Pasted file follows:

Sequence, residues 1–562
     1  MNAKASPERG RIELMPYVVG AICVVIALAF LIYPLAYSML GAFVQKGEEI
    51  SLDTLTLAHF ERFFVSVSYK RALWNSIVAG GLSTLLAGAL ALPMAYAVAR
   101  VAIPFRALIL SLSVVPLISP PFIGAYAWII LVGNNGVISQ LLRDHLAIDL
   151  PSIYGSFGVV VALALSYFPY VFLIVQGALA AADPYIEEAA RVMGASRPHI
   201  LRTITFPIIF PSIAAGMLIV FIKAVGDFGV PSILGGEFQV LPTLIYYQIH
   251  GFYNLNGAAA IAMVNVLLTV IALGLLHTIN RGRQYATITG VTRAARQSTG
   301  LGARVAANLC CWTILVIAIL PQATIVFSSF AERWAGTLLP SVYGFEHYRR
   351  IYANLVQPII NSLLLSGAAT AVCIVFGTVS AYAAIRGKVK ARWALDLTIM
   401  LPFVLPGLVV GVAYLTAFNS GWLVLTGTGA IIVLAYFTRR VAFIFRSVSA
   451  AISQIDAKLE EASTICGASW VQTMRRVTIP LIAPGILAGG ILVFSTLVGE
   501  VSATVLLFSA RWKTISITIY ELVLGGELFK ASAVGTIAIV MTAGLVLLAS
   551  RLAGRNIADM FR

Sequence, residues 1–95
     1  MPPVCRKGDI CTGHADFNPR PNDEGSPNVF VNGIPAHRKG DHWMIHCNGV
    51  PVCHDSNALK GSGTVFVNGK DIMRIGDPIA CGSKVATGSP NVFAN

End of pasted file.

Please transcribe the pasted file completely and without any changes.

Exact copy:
Sequence, residues 1–562
     1  MNAKASPERG RIELMPYVVG AICVVIALAF LIYPLAYSML GAFVQKGEEI
    51  SLDTLTLAHF ERFFVSVSYK RALWNSIVAG GLSTLLAGAL ALPMAYAVAR
   101  VAIPFRALIL SLSVVPLISP PFIGAYAWII LVGNNGVISQ LLRDHLAIDL
   151  PSIYGSFGVV VALALSYFPY VFLIVQGALA AADPYIEEAA RVMGASRPHI
   201  LRTITFPIIF PSIAAGMLIV FIKAVGDFGV PSILGGEFQV LPTLIYYQIH
   251  GFYNLNGAAA IAMVNVLLTV IALGLLHTIN RGRQYATITG VTRAARQSTG
   301  LGARVAANLC CWTILVIAIL PQATIVFSSF AERWAGTLLP SVYGFEHYRR
   351  IYANLVQPII NSLLLSGAAT AVCIVFGTVS AYAAIRGKVK ARWALDLTIM
   401  LPFVLPGLVV GVAYLTAFNS GWLVLTGTGA IIVLAYFTRR VAFIFRSVSA
   451  AISQIDAKLE EASTICGASW VQTMRRVTIP LIAPGILAGG ILVFSTLVGE
   501  VSATVLLFSA RWKTISITIY ELVLGGELFK ASAVGTIAIV MTAGLVLLAS
   551  RLAGRNIADM FR

Sequence, residues 1–95
     1  MPPVCRKGDI CTGHADFNPR PNDEGSPNVF VNGIPAHRKG DHWMIHCNGV
    51  PVCHDSNALK GSGTVFVNGK DIMRIGDPIA CGSKVATGSP NVFAN